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NanoCellect Biomedical to Launch New Imaging-Based Cell Sorter With Potential for AI Plug-Ins


NEW YORK – NanoCellect Biomedical is planning to launch an upgrade to its Wolf G2 cell sorter this quarter, with commercial installations coming by the end of the year.

The new instrument, the Verlo Image-Guided Cell Sorter, adds 2D imaging capabilities on top of the gentle handling its other model is known for. This will enable several key applications, including identifying and sorting cells with functional cell-cell interactions, subcellular localization of markers, and label-free cell analysis to guide sorting decisions. The instrument offers throughput of thousands to millions of cells per run and analysis of 2,000 events per second or a sorting rate of 200 events per second.

The San Diego-based firm has launched an early-access program for Verlo and is targeting collaborations, especially in those three application areas.

"Verlo will take some Wolf users but open up many new users as well," said Paul DiGregorio, VP of commercial at NanoCellect, noting that the company will continue to support its Wolf product line. For customers focused on fluorescent markers, imaging may not add as much value, and they may prefer to stick with the Wolf over the more expensive Verlo, he added.

DiGregorio declined to disclose the pricing of Verlo, but said the firm is offering incentives, potentially including special pricing, to "scientific visionaries who want to gain early access."

While Verlo won't ship with artificial intelligence-based sorting algorithms, such decision support will be available through third-party software, and the firm is working on embedding those capabilities to the platform at a later date. "Now, [AI] is a feature requirement more than anything," DiGregorio said. "We're making sure we're compatible."

Already, one of the firm's cofounders has developed AI models that can use Verlo's imaging scheme to make sorting decisions, possibly even without the use of training data sets.

With Verlo, NanoCellect joins several other companies offering imaging-based flow cytometry or cell sorting technology. BD's FACSDiscover S8 launched last year, featuring CellView Image Technology.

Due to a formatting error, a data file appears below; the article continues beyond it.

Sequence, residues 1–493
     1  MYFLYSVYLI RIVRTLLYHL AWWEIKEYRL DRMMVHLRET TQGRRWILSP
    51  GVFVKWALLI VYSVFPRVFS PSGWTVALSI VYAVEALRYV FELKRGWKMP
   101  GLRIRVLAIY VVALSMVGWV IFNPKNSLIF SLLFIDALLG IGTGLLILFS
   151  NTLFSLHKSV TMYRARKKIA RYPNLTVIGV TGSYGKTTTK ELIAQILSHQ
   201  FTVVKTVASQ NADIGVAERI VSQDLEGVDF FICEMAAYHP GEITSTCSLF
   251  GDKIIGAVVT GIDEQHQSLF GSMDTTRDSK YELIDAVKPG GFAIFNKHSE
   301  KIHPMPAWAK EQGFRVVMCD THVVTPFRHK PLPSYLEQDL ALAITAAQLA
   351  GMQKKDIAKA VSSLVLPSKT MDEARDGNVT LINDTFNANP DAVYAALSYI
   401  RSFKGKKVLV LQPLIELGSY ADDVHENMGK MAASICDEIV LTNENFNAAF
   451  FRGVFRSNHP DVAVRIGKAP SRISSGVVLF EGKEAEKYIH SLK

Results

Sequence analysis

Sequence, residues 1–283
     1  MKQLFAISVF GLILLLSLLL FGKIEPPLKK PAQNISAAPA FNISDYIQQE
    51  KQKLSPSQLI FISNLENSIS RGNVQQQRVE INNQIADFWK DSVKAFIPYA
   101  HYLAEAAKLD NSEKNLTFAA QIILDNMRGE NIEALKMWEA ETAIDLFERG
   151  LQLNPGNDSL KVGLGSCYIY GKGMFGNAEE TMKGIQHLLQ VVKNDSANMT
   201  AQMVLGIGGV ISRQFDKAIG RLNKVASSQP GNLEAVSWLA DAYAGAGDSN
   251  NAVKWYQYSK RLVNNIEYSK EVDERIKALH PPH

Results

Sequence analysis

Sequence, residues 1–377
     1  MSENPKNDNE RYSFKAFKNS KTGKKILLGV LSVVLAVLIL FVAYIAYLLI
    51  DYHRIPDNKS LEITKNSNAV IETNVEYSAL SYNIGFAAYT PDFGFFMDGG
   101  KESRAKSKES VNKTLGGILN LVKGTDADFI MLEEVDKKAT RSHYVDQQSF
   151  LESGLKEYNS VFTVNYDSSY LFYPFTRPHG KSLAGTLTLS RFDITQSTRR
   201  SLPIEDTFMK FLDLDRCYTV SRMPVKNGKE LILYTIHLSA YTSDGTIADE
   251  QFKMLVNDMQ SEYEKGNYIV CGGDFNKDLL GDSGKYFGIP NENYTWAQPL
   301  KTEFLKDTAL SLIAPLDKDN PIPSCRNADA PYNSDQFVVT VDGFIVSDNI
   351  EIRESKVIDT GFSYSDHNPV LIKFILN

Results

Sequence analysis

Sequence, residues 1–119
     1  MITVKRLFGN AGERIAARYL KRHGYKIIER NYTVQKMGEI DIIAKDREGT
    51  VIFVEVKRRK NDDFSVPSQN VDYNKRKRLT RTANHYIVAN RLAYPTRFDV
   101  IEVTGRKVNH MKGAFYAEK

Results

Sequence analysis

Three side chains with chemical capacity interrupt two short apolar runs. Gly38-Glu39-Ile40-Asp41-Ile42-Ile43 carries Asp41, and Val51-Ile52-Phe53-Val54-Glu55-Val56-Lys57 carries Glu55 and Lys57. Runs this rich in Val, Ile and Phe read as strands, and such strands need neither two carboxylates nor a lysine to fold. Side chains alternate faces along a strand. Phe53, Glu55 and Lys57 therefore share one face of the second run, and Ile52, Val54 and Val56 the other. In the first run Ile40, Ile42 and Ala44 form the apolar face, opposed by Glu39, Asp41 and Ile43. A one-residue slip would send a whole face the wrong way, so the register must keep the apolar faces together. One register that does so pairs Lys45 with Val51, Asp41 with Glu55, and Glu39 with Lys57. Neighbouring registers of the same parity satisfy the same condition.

And other cell sorting startups with an eye toward AI integration, such as Stanford University spinout Deepcell and Japan's ThinkCyte, have developed and launched platforms. In January, Deepcell partnered with Nvidia to develop generative AI technologies for cell analysis. ThinkCyte launched its VisionSort instrument last year.

ThinkCyte offers 3D analysis of cells, a direction that NanoCellect could be heading.

In a presentation at last week's Molecular Medicine Tri-Conference in San Diego, Yu-Hwa Lo, a NanoCellect cofounder and researcher at the University of California, San Diego, presented data form his lab's work on 3D imaging-based cell sorting.

DiGregorio stressed that Verlo is a 2D imaging system, though it has a collaboration with Lo on 3D imaging and shares IP on the technology. The firm's market research shows that, for now, 2D is a higher priority, he said. "There are some scenarios where 3D would be enabling," he said. "It's an evolving application area. The market feedback is that 2D image-guided sorting would have a stronger fit."

Lo's 3D system generates tenfold more data than the 2D system — on the order of terabytes per run, so the use of AI is a necessity, he said, in addition to improving the performance of AI-based sorting.

In an experiment to classify HeLa and MCF-7 cells, the 3D system was able to classify cells with around 98 to 99 percent accuracy, up from around 80 to 90 percent for the 2D system. And it was able to perform label-free sorting of human whole blood cells such as monocytes, lymphocytes, and granulocytes "with almost 100 percent accuracy."

This was with only one onboard CPU and one graphics processing unit (GPU). "In two milliseconds, more than 99 percent [of cells] can be classified with a 95 percent confidence interval," Lo said. "We can easily upgrade the AI hardware with GPUs and then we could achieve less than 100 microseconds."

Applying an unsupervised learning method, where the algorithm does not need to be trained with application-specific data, also led to positive results. In a proof-of-concept experiment, his lab asked the AI model to identify and sort leukemia cells from regular cells without any labeling, something that expert humans could not do. It identified the leukemia cells with 99.9 percent accuracy and regular cells with 95.4 percent accuracy.

AI has also shown promise in identifying drug-treated or thermally stressed cells this way, or even to predict the top-performing Chinese hamster ovary cells in terms of protein generation. "This could open doors for a lot of new applications," Lo said.